With all of these network breaches, why are we not seeing information governance emerge even more in organizations? Are we going to see the drivers come out of the security departments and the security domains in organizations?
From R. Hale: The problem is that information governance is so often tainted with the stick part of the carrot-stick relationship. So many people talk about risk and the risk of leakage and data loss. Ultimately, organizations are looking to benefit from information governance. To get somebody to sign off on an information governance initiative, one needs to show return on investment. I find the thing about risk is somewhat clichéd as it’s connected to information governance and sometimes unhelpful.
From J. Garde: I think that’s an interesting perspective because we always say that information governance involves risk, yes, but also cost – the cost of forming the governance and managing the information. One of the problems we encounter is that if we look at information governance as being the application of information policies, we find that these policies are fractured across the organization.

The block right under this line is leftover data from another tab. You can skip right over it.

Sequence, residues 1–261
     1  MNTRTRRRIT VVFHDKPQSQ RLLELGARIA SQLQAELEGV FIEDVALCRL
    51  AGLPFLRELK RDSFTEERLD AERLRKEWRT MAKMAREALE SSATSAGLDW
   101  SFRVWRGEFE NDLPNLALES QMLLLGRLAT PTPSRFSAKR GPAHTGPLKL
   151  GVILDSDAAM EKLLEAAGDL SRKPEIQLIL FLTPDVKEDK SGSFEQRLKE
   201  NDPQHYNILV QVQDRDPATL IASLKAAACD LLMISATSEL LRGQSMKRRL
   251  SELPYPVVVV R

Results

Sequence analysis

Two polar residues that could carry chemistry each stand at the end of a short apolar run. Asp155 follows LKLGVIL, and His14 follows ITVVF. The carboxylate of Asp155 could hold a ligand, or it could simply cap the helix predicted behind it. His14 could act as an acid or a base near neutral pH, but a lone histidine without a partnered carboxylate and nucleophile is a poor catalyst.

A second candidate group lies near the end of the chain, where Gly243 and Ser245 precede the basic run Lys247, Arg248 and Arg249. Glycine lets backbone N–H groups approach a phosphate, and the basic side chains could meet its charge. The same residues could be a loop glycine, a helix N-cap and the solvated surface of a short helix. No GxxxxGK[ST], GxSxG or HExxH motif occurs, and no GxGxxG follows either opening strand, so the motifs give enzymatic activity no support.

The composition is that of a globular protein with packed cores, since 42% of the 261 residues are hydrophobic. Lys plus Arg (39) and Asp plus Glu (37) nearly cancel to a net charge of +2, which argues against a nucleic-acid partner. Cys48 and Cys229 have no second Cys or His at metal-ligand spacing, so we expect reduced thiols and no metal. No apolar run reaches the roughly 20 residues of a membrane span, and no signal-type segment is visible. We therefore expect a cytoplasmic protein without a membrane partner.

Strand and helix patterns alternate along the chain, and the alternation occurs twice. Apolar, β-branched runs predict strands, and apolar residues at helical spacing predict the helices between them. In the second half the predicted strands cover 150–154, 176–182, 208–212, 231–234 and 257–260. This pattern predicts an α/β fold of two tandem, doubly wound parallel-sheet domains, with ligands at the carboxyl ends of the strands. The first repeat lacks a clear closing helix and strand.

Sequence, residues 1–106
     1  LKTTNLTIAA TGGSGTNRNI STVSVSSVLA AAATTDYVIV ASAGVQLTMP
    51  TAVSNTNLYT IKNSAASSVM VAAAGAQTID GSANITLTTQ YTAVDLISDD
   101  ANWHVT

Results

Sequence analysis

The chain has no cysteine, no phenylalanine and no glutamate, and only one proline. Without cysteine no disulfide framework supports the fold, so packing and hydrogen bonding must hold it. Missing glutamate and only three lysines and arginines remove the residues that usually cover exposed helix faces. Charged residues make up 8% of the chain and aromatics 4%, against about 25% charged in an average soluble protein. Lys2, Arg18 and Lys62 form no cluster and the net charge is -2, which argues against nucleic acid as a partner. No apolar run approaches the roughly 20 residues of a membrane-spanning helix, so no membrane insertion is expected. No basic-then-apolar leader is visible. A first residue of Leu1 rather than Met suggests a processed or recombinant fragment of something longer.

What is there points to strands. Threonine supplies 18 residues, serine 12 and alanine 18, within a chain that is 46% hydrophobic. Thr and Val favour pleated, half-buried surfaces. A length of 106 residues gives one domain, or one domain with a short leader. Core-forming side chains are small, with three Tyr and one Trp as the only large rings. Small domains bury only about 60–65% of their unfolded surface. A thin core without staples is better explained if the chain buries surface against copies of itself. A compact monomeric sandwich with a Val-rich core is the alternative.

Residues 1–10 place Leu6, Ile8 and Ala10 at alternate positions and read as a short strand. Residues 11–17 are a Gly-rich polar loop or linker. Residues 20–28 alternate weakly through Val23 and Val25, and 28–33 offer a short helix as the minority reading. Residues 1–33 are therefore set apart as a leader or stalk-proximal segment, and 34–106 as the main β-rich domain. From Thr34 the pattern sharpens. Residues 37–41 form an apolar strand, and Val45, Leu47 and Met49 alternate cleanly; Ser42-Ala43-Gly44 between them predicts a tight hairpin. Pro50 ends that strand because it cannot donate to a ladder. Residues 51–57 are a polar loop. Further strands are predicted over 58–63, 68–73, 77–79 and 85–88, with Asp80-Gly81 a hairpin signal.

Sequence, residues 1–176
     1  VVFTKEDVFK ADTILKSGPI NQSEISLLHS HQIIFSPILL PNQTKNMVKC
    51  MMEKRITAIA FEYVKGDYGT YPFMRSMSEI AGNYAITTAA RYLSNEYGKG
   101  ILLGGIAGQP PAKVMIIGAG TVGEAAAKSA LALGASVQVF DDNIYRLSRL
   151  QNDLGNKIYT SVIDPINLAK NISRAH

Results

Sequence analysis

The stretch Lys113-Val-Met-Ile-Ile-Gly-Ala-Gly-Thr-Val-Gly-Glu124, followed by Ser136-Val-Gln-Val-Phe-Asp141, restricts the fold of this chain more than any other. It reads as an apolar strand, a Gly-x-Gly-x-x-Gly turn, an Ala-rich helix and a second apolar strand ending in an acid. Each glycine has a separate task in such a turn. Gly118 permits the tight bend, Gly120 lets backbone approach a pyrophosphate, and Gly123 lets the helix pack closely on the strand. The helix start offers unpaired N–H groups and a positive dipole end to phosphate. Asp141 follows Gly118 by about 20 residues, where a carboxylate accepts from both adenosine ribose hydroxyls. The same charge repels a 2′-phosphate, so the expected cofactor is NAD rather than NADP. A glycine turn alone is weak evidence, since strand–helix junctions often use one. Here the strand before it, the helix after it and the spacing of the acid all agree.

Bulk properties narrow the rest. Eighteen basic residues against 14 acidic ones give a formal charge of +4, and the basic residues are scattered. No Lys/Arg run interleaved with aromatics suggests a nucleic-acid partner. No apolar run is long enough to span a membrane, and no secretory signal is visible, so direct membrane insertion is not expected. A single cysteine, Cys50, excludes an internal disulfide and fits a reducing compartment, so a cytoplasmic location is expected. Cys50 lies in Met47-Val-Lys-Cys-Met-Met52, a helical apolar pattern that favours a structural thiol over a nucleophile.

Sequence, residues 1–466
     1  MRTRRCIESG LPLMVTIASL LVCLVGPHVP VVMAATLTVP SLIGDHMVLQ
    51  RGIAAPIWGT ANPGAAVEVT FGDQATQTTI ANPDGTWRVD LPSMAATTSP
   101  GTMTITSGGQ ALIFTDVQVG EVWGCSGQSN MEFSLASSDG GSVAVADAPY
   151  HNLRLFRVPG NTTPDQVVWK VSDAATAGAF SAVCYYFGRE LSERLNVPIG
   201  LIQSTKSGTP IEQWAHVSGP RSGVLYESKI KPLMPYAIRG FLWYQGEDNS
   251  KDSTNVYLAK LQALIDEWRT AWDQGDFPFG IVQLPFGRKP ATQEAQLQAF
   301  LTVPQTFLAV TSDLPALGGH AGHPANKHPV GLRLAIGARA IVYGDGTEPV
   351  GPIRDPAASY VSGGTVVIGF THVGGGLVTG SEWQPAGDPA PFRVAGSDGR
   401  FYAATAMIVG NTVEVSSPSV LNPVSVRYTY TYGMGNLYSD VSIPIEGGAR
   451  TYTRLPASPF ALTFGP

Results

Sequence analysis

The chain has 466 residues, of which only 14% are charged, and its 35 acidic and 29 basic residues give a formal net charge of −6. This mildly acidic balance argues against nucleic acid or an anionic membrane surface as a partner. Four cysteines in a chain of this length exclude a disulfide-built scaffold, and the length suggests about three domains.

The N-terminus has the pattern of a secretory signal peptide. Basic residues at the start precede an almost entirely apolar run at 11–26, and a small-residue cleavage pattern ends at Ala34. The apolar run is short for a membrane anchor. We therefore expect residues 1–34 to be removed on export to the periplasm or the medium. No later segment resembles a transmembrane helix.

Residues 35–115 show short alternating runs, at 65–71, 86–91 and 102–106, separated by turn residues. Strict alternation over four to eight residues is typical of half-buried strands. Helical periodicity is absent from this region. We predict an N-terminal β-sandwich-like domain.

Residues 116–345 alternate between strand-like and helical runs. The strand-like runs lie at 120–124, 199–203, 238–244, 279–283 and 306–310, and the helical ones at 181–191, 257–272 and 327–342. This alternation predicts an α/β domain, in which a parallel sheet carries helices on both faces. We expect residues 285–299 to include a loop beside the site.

During Global Information Governance Day (GIGD), held this year in February, RSD, a leading provider of information governance solutions for the enterprise, hosted an exclusive online panel discussion on the challenges being faced by organizations today dealing with information governance issues. Information management professionals and industry pundits joined the lineup of expert panelists, which included Barclay T. Blair, co-founder and executive director at the Information Governance Initiative (IGI), Richard Hale, CTO at Active Navigation, and Jon Garde, senior product manager at RSD, former Chair of the DLM forum and author of the MOREQ 2010 standard. Ed Hallock, senior director of North American marketing at RSD, moderated the panel.
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